I’ve gotten a lot of things wrong lately when it comes to Army.

To start with, I didn’t think they’d hire Jeff Monken. I thought that way for a couple of reasons. One, I didn’t think Army would make a hire that could be construed as “doing what Navy does” or something along those lines. Monken’s track record at Georgia Southern and Georgia Tech alone was enough to qualify him for the job, but he also spent several years in Annapolis, coaching alongside several members the current Navy staff. He was a big part of the resurgence of the Navy program, and knows what it took to make it happen. It’s common sense that he would be a good candidate for another service academy job. I just wasn’t sure that common sense would rule the day at West Point.

You have to understand; there’s something strange about the West Point psyche. They are consumed with the idea that they are better than the Naval Academy. I don’t mean “Beat Navy” stuff being plastered everywhere. Everyone wants to beat their rival. No, I mean a genuine feeling of superiority, like it’s just a given. Every once in a while, that feeling bubbles up to the surface, like when Jim Cantelupe decided to randomly declare that Rich Ellerson’s offense was “superior” to Navy’s. Even in their advertising, West Point says that they are “America’s Academy.” As a Navy fan I just kind of roll my eyes at it, but I also wondered at the time if Army would have too much pride to hire a Navy guy. To their credit, they did not.

Army wanting Monken is only one half of the equation, though. I also didn’t think that any Navy coach, including Monken, would want to go to Army. That’s not because of some loyalty to the Naval Academy, but because they would be all too familiar with how Army operates and the disadvantages associated with that. Clearly that was not the case, and since then we’ve learned about some of the changes that Army is trying to make.

So Army hired Jeff Monken, a move that pretty much everyone thinks was a good one, myself included. He’s a good Xs & Os guy, but the last Army staff were good Xs & Os guys too. Where they failed was mostly in recruiting, and in Monken Army has someone who knows exactly the kind of players that helped Navy win games. It’s probably safe to say that the days of Army and Navy not meeting on the recruiting trail are gone. Whether he’ll be able to attract those players to West Point is another story, but the first step is to actually try, and Army now has a coach who will do that much.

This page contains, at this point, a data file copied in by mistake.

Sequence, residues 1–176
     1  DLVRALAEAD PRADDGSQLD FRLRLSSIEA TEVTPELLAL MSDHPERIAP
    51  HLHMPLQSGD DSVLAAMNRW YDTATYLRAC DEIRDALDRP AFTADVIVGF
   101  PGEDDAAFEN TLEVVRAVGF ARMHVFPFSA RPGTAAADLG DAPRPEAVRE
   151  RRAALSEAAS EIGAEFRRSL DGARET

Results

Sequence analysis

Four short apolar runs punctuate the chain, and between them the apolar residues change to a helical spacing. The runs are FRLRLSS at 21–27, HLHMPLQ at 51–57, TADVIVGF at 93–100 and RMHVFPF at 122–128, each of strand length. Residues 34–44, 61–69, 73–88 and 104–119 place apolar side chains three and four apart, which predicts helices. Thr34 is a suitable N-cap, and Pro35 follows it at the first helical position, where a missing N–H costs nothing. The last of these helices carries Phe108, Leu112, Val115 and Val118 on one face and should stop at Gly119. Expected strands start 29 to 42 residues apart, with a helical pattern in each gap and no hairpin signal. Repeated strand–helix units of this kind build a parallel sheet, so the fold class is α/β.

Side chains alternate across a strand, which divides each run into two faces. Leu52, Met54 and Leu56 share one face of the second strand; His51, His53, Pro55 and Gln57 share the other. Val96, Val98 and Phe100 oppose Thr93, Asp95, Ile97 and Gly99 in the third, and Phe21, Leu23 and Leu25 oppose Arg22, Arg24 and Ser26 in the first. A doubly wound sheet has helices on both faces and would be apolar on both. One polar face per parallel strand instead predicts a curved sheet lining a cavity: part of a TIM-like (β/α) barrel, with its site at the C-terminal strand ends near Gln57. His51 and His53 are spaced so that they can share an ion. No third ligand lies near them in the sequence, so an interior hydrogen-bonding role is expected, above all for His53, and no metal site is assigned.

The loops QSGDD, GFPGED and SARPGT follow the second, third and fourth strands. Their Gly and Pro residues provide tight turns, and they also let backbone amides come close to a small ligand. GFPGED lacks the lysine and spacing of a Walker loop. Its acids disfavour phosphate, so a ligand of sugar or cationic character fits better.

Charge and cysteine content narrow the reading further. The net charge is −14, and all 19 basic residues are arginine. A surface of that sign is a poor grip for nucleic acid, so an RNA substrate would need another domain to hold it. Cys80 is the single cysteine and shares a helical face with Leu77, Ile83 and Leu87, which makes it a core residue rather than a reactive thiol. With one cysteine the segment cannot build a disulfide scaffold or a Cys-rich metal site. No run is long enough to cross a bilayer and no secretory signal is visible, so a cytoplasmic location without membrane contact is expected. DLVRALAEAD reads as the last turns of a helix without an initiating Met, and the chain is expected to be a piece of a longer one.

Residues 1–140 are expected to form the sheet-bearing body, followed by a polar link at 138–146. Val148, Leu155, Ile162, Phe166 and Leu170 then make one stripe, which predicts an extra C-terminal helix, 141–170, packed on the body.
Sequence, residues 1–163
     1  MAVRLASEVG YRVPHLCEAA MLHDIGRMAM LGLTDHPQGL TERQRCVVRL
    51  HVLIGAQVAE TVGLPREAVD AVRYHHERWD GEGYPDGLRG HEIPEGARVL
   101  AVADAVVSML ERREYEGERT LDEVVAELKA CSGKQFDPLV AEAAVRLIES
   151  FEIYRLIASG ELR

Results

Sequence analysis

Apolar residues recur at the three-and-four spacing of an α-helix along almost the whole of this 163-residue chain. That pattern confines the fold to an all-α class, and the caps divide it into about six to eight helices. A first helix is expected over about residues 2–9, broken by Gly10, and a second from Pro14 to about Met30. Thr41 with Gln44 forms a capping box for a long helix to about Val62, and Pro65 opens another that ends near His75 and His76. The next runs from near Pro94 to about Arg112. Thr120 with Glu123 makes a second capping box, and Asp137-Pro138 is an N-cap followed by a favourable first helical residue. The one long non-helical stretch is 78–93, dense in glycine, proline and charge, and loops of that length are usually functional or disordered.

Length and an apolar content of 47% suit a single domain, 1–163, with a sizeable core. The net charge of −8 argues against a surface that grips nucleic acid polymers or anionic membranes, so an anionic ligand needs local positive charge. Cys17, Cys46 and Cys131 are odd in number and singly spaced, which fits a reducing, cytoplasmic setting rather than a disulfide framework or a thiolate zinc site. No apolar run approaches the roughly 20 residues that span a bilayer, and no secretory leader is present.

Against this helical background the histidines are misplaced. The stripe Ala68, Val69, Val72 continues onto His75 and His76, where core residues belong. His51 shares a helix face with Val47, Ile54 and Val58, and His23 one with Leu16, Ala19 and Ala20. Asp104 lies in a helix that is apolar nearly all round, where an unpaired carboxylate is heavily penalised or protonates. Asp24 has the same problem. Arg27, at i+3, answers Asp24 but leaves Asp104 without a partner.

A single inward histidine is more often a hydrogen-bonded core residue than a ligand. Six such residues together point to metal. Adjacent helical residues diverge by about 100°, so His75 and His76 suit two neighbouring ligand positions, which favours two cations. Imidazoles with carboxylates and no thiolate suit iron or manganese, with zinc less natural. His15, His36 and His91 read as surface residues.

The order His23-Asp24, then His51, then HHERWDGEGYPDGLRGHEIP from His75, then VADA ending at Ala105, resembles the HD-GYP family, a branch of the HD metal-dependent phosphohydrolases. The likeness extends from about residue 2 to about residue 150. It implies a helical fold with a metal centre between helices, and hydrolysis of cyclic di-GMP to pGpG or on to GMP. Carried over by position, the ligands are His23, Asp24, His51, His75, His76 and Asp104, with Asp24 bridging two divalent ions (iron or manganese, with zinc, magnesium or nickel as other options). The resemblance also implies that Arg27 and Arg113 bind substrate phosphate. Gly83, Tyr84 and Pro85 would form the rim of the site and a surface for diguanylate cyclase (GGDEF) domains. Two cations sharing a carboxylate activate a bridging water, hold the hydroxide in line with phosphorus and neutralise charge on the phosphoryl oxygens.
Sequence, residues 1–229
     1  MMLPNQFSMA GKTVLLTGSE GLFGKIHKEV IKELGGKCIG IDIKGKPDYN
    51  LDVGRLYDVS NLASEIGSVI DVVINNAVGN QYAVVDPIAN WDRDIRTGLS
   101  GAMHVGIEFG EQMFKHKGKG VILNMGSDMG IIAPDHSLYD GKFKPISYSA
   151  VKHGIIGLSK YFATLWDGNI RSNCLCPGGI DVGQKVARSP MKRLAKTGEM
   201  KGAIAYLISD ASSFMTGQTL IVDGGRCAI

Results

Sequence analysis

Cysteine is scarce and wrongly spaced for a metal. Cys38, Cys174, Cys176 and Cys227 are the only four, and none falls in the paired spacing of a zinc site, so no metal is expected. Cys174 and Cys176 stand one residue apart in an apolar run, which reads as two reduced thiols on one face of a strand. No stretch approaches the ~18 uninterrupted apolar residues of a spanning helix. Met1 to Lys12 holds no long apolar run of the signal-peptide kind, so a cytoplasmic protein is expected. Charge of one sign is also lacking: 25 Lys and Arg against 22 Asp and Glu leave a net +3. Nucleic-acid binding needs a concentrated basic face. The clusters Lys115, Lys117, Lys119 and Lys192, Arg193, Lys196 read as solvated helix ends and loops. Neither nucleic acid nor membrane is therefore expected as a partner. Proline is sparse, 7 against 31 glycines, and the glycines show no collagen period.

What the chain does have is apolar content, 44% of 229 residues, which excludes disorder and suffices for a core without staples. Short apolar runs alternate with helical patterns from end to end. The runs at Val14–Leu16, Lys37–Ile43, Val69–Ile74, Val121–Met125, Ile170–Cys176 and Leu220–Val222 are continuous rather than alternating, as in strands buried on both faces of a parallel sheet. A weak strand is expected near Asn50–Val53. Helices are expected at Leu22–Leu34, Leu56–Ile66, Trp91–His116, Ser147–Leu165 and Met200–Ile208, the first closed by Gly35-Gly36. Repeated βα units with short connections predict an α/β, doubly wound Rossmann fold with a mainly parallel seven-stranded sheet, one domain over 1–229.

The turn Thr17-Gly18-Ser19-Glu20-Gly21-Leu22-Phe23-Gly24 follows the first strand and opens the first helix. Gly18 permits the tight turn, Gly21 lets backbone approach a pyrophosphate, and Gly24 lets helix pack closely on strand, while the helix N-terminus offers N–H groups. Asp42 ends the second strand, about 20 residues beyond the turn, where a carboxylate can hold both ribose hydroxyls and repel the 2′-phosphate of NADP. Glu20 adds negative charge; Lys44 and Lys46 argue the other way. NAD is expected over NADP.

My high regard for Monken might have clouded my judgment at the beginning of the season, because I thought that Army had a decent chance at playing in a bowl game. Not that I didn’t recognize Army’s flaws; I just felt that they could be overcome. The Black Knights had plenty of talent returning in the backfield. Larry Dixon is an excellent option fullback. Terry Baggett is a big play waiting to happen. Raymond Maples was returning from his injury, and both Trenton Turrentine and Tony Giovanelli had become experienced ballcarriers in his absence. Angel Santiago, while not being much of a passer, is a better option quarterback than he sometimes gets credit for. Despite the team’s losses along the offensive line, I felt that there was enough there that Army would be able to put points on the board to win some shootouts against a schedule that wasn’t exactly overwhelming.